Somewhere after the mile 14 mark and coming out of the aid station near there, I saw Clear Lake Fitness Club's Susan Bell.  An experienced ultrarunner, Susan is like a metronome when she runs.  She just metes the miles out nice and steady with a short, quick foot turnover.

I tried to run with her a little bit, but her turnover made it hard to stay with her for long.  I let her go. 

Sometime later, around mile 17, Susan must have stepped off the road because I had caught up with her, but not for long.  Everyone, including the runners doing the 51 kilometers, had an 8-hour cutoff.

Mile 15 -- 12:08.14
Mile 16 -- 11:42.58
Mile 17 -- 12:10.74
Mile 18 -- 11:57.78
Mile 19 -- 12:24.80
Mile 20 -- 13:11.70

By here, the equation said that I could power walk it and finish in 5:53.  And I decided to follow suit. 

The trick here, though, is that this was a 5K out-and-back past the finish line.

You could see off into the horizon where the police car was flashing its lights at the 51K turnaround and on this morning, I'm thankful that I wasn't tackling that distance.

Mile 21 -- 16:42.33
Mile 22 -- 16:23.16
Mile 23 -- 16:23.38
Mile 24 -- 16:50.29

I pretty much kept to the pattern until I realized that I might be able to run a little more.  On the way back to the finish, I saw San Antonio's Larry Macon.  I realized that things had gotten better for me recently with the work that I've been doing.  In Kansas, where I tried to do a marathon on nothing (after Rocky Raccoon two months before), Larry beat me, I think, for the first time.  Not today.  Larry has crossed off the states, though, 14 times and has run over a 100 marathons in a year two or three times.  Incredible.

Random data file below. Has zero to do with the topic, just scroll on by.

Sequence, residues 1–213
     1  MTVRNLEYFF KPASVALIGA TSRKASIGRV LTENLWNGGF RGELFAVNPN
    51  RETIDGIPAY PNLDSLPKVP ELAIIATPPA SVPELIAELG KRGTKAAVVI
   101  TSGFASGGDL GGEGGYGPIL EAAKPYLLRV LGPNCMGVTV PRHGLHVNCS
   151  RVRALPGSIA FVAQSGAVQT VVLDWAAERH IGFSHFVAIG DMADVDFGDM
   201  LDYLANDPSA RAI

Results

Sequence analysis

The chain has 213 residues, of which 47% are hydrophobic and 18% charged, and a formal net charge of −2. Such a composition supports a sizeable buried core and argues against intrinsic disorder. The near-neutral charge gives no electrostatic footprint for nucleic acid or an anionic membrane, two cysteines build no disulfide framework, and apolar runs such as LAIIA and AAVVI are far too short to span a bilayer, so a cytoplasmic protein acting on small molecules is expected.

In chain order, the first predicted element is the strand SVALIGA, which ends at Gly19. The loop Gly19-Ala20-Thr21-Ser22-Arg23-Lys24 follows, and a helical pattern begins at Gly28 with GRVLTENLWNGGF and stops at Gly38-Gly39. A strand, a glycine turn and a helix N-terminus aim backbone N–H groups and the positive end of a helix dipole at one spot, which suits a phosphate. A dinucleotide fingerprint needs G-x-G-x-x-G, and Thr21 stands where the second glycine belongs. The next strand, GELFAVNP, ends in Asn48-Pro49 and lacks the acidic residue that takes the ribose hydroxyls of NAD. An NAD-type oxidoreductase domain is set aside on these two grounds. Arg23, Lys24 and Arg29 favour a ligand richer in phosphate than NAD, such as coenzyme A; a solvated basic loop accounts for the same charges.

Mile 25 -- 14:05.60
Mile 26 -- 13:22.88
Last .2 -- 2:35.05

All in all, I'll take the 5:54.  It isn't sexy, but it is a finish.  Sea level one Saturday; at altitude, the following Sunday.  It is something that I'm really happy with - especially with my non-standard training, which included 80 minutes on the bike Thursday night, an hour on the treadmill early Friday evening and a 5K race on Saturday morning.

One final note:  When I updated my master list, this race is the sixth worst of my 43 marathon finishes.  Yet I feel good about it.  The five below it I had no business of doing, which includes finishes in four different states, but I'm content with my effort knowing where my fitness level is and the course difficulty.